The most significant policy developments have been prompted by the Organisation for Economic Co-operation and Development’s (OECD’s) project on addressing the tax challenges relating to the globalisation and digitalisation of the economy, including the agreement in October 2021 on new global minimum tax rules at a rate of at least 15%.
According to the TFO survey, 59% of respondents believe that complying with emerging digital tax filing requirements will increase the cost of running the tax and finance functions.
The cost of compliance will be considerable as well – with 83% of all companies expecting to spend at least $5 million, at an average of $11.1 million, to comply with emerging digital tax filing requirements over the next five years.
A solution to the technological imperative
Access to up-to-date data and technology is key to achieving transparency in today’s fast-changing global tax landscape. This became painfully clear to many organisations during the pandemic as tax and finance teams, many of which were separated from their workplace files, struggled to meet basic compliance obligations such as filing tax returns and dealing with audit activity with tax authorities.
Tax and finance functions can also bring more value to the entire enterprise when they have advanced technology and data at their disposal because they are able to better project the tax implications of broader business decisions, ranging from acquisitions and dispositions to the impact of tax law changes.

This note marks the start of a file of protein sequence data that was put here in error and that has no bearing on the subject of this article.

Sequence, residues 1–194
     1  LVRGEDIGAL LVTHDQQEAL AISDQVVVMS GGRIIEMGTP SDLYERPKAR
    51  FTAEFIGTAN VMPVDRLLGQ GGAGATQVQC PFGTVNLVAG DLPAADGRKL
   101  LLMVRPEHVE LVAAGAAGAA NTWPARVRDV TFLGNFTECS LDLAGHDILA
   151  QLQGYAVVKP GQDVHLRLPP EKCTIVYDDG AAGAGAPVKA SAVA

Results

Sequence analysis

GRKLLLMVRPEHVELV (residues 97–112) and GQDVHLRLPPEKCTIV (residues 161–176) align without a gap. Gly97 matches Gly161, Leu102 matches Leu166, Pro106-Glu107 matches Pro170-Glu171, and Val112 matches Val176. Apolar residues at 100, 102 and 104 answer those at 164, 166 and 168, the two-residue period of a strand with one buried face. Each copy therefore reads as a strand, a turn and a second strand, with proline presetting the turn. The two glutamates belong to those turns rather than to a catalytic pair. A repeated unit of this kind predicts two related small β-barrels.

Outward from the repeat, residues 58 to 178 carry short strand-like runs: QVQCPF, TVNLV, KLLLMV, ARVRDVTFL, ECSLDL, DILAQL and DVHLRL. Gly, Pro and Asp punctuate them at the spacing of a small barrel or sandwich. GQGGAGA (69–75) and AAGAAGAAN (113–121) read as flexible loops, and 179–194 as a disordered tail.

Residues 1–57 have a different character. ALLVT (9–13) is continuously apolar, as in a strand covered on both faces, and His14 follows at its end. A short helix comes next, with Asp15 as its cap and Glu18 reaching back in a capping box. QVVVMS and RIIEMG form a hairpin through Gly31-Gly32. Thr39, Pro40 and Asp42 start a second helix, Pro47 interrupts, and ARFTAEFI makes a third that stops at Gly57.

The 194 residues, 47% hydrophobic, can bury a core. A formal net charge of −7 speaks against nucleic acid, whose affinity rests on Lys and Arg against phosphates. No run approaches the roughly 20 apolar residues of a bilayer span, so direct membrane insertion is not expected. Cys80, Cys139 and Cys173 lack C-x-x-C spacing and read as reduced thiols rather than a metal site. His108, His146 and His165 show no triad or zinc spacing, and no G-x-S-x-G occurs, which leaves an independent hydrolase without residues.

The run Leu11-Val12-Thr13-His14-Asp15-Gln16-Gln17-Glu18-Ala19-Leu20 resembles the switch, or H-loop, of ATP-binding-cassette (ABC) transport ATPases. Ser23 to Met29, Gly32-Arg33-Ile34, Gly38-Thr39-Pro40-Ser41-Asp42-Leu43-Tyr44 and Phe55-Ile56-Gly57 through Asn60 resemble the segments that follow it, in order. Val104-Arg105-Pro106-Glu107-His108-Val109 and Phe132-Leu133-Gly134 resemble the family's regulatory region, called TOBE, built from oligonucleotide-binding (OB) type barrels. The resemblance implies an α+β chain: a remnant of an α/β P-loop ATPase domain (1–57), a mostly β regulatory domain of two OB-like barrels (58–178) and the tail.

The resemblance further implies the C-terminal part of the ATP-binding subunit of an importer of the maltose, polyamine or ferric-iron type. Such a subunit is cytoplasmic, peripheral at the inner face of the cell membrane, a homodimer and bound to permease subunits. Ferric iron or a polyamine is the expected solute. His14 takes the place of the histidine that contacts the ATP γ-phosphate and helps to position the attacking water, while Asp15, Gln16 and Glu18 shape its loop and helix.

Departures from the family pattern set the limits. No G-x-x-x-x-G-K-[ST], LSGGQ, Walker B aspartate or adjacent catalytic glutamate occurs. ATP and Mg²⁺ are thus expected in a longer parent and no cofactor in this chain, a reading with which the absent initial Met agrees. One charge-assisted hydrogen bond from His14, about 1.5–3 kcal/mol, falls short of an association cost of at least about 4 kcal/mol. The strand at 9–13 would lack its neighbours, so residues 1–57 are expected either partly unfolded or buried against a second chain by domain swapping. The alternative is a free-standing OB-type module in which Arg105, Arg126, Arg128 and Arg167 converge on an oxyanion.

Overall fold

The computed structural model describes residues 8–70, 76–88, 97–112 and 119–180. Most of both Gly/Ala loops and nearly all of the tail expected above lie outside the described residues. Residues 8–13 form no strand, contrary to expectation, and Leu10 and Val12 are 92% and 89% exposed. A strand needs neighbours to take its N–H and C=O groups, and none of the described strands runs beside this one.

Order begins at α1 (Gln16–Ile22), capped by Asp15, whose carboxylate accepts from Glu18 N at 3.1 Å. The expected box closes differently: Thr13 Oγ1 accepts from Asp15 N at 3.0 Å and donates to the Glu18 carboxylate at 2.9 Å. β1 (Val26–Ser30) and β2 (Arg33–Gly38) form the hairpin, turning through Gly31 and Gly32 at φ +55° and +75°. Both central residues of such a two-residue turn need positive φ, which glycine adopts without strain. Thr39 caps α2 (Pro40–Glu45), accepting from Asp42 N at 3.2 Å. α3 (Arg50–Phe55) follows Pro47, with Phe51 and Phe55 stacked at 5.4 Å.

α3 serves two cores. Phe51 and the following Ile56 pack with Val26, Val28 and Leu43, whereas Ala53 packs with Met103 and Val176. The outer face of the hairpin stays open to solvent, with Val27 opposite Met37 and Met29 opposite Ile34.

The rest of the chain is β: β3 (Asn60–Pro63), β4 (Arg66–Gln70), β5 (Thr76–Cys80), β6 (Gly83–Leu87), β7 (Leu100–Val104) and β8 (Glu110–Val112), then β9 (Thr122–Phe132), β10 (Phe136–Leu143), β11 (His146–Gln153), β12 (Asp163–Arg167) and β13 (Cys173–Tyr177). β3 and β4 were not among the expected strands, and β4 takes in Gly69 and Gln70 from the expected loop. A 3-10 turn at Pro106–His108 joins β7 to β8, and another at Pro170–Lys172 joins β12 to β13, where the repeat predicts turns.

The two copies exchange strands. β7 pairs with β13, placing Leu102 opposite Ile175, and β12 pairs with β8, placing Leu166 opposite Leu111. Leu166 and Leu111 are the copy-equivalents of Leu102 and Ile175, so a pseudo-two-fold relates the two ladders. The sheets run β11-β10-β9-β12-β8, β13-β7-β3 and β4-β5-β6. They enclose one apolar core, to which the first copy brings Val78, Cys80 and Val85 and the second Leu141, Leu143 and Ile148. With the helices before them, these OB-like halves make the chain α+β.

The C-suite has recognised the significant role that technology plays and how the tax and finance functions can be real value-adding partners to the business. 37% of respondents (including 41% of chief financial officers) to the TFO survey believe a lack of a sustainable plan for data and technology is the biggest barrier to achieving their tax and finance function’s vision. This shows that there is plenty of transformational work to be done.
Technology can be a significant expense for a tax team budget. On average, the TFO survey respondents say they will spend $4 million in tax technology over the next three years. Meanwhile, a large number of businesses are looking to reduce costs and are struggling to build the necessary technological capability in-house. Therefore, it is not surprising that 56% have prioritised working with a managed services provider that has significant capabilities in data, technology, and shared service centre delivery.
Transformation gives tax and finance leaders the power to shape strategy, innovate, and have a greater impact on the business. It can transform tax from a compliance, business-as-usual function to one that helps the organisation’s leaders to understand the full picture of broader business decisions.